11 universities bail out of Maclean's survey
Eleven Canadian universities advised Maclean's magazine on Monday that they will not participate in this year's survey that assigns rankings to each institution because of concerns about the methodology and the validity of some of the measures.
In a letter to Tony Keller, the magazine's managing editor of special projects, the universities said they have expressed their "considerable reservations" to Maclean's for some years, but to little avail.
"Thus far, these serious concerns have gone largely unaddressed, and there is still no evidence that Maclean's intends to respond to them," they said.
The universities said they already publish a lot of data online about themselves and intend to add more to allow people to make valid comparisons.
"However, it is truly hard for us to justify the investment of public funds required to generate customized data for your survey when those data are compiled in ways that we regard as oversimplified and arbitrary," they said.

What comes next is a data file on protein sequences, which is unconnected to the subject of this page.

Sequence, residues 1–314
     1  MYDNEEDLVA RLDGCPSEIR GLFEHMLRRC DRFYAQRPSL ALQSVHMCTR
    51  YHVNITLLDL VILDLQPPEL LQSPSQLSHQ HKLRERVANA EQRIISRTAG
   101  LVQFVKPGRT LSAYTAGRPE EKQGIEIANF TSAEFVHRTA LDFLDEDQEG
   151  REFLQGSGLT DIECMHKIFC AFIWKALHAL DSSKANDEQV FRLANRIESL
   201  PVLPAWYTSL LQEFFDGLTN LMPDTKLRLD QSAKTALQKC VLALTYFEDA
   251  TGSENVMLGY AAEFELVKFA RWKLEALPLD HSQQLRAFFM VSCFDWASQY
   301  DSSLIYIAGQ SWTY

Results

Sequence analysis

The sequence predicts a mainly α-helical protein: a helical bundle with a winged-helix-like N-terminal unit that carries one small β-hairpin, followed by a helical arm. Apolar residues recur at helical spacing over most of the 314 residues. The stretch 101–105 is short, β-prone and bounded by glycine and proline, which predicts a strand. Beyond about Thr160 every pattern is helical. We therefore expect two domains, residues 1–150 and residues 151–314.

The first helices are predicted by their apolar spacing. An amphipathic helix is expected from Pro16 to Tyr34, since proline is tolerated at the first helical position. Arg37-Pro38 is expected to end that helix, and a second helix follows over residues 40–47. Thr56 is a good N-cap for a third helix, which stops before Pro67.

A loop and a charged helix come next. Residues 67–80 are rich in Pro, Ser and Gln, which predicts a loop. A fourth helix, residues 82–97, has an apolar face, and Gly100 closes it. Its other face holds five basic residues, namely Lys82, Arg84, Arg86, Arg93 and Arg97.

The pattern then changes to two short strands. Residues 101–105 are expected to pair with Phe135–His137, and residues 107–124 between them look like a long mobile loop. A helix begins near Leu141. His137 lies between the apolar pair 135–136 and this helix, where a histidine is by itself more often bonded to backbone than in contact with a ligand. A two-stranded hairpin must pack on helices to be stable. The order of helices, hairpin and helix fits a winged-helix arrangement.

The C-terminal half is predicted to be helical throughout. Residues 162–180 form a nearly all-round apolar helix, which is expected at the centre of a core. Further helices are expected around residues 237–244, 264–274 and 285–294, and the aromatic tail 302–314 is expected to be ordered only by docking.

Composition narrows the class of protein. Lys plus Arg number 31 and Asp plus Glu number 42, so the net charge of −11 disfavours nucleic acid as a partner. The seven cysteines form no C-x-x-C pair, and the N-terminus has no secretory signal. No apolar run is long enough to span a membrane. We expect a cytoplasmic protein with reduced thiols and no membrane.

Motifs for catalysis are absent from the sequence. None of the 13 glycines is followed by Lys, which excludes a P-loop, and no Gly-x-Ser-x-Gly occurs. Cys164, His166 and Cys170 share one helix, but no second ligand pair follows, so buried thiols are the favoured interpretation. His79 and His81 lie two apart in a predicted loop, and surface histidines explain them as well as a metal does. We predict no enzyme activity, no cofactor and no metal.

The letter was signed by the presidents of:
- University of Toronto.
- McMaster University.
- University of Ottawa.
- University of British Columbia.
- Simon Fraser University.
- University of Alberta.
- University of Calgary.
- University of Lethbridge.
- University of Manitoba.
- UniversitÃ© de MontrÃ©al.
- Dalhousie University in Halifax.
The universities said they found it inappropriate that the survey collects data on a wide range of things— such as class size, faculty, finances, library and reputation— and then arbitrarily assigns weightings to generate a single ranking number.
They were also troubled by the magazine's reliance on survey data with low response rates and the practice of using different kinds of data out of context, resulting in "apples and oranges" comparisons.
The universities left the door open to participating in the survey at some future date, "particularly if we can agree on a means to ensure that the data will be valid and the analyses truly informative."
Keller said Maclean's will continue to publish its annual rankings of 47 universities, including the 11 that have decided to opt out of the survey.
"All of the information is available publicly," Keller said. "So the decision of some universities to say they are not going to fill out an information form that we sent them doesn't really change anything."